Genome-wide association study meta-analysis of European and Asian-ancestry samples identifies three novel loci associated with bipolar disorder by Chen D T, Jiang X, Akula N, Shugart Y Y, Wendland J R, Steele C J M, Kassem L, Park J-H, Chatterjee N, Jamain S, Cheng A, Leboyer M, Muglia P, Schulze T G, Cichon S, Nöthen M M, Rietschel M, BiGS, McMahon F J, Kelsoe John R, Greenwood Tiffany A, Nievergelt Caroline M, McKinney Rebecca, Shilling Paul D, Schork Nicholas J, Smith Erin N, Bloss Cinnamon S, Nurnberger John I, Edenberg Howard J, Foroud Tatiana, Koller Daniel L, Gershon Elliot S, Liu Chunyu, Badner Judith A, Scheftner William A, Lawson William B, Nwulia Evaristus A, Hipolito Maria, Coryell William, Rice John, Byerley William, McMahon Francis J, Chen David T, Berrettini Wade H, Potash James B, Zandi Peter P, Mahon Pamela B, McInnis Melvin G, Zöllner Sebastian, Zhang Peng, Craig David W, Szelinger Szabolcs, Barrett Thomas B, Schulze Thomas G in Molecular psychiatry (2013). PubMed

Abstract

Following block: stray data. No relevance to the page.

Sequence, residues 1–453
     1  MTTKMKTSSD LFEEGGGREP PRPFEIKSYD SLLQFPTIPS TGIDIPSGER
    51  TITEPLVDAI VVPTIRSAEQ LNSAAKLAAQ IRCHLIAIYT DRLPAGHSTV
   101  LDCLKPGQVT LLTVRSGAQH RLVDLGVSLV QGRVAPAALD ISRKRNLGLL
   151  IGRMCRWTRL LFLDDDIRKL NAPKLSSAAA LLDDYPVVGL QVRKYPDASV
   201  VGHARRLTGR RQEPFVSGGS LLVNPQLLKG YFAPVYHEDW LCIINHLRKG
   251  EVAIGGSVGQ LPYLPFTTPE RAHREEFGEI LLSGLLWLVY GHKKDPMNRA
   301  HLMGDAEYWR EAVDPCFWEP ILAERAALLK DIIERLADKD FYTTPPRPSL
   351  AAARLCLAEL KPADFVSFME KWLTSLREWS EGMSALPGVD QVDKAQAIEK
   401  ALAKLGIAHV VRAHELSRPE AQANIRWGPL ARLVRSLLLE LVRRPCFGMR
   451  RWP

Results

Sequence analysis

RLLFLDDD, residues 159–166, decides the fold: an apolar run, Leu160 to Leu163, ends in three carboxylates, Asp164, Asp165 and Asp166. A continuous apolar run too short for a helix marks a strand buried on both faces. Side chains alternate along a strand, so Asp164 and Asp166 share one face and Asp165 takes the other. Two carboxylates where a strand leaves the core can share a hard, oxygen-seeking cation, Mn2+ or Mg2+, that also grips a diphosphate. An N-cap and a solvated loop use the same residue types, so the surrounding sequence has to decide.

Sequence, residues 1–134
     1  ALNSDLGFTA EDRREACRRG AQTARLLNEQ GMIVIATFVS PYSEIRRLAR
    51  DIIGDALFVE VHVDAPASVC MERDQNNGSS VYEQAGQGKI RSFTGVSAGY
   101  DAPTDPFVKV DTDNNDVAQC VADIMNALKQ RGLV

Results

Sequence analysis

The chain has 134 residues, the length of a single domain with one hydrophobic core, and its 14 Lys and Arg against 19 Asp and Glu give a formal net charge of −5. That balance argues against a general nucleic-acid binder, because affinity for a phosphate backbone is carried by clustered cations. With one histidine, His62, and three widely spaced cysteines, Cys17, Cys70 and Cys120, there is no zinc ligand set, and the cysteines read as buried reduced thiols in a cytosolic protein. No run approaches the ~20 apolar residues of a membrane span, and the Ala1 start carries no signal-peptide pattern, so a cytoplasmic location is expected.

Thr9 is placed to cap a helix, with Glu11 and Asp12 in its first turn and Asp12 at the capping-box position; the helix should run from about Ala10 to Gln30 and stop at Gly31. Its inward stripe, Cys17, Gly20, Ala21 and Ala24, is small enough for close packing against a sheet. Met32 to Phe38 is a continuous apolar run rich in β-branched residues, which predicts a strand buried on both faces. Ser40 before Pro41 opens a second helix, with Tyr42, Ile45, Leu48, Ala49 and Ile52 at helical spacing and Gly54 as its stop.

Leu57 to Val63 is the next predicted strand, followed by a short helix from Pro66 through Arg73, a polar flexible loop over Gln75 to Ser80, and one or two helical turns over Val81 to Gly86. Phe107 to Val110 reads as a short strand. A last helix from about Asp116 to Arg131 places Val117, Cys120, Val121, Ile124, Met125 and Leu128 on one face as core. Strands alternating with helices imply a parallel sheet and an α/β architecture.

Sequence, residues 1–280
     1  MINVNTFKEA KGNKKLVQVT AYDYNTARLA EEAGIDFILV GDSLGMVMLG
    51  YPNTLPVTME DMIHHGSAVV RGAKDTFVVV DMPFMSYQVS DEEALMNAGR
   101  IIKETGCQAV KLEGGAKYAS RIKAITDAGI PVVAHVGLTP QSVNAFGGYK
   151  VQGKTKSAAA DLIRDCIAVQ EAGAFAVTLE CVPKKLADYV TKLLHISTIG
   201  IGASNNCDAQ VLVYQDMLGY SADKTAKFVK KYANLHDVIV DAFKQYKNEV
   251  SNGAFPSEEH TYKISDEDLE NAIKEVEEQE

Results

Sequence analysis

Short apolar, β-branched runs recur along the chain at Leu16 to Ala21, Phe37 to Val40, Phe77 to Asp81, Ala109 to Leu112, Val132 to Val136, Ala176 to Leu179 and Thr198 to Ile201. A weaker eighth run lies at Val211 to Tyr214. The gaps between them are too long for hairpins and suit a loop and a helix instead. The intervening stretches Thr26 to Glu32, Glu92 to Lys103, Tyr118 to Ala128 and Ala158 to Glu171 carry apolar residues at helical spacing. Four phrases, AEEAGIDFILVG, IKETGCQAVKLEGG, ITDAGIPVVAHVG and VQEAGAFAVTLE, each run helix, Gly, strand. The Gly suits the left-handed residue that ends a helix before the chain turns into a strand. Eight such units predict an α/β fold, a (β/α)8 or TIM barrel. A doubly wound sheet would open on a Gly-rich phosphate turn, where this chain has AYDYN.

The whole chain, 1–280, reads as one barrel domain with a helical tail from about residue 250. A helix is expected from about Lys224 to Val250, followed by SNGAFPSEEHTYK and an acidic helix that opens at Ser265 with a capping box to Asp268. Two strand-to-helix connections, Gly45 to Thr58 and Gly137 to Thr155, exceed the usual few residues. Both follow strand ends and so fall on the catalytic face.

Meta-analyses of bipolar disorder (BD) genome-wide association studies (GWAS) have identified several genome-wide significant signals in European-ancestry samples, but so far account for little of the inherited risk. We performed a meta-analysis of ∼750,000 high-quality genetic markers on a combined sample of ∼14,000 subjects of European and Asian-ancestry (phase I). The most significant findings were further tested in an extended sample of ∼17,700 cases and controls (phase II). The results suggest novel association findings near the genes TRANK1 (LBA1), LMAN2L and PTGFR. In phase I, the most significant single nucleotide polymorphism (SNP), rs9834970 near TRANK1, was significant at the P=2.4 × 10(-11) level, with no heterogeneity. Supportive evidence for prior association findings near ANK3 and a locus on chromosome 3p21.1 was also observed. The phase II results were similar, although the heterogeneity test became significant for several SNPs. On the basis of these results and other established risk loci, we used the method developed by Park et al. to estimate the number, and the effect size distribution, of BD risk loci that could still be found by GWAS methods. We estimate that >63,000 case-control samples would be needed to identify the ∼105 BD risk loci discoverable by GWAS, and that these will together explain <6% of the inherited risk. These results support previous GWAS findings and identify three new candidate genes for BD. Further studies are needed to replicate these findings and may potentially lead to identification of functional variants. Sample size will remain a limiting factor in the discovery of common alleles associated with BD.

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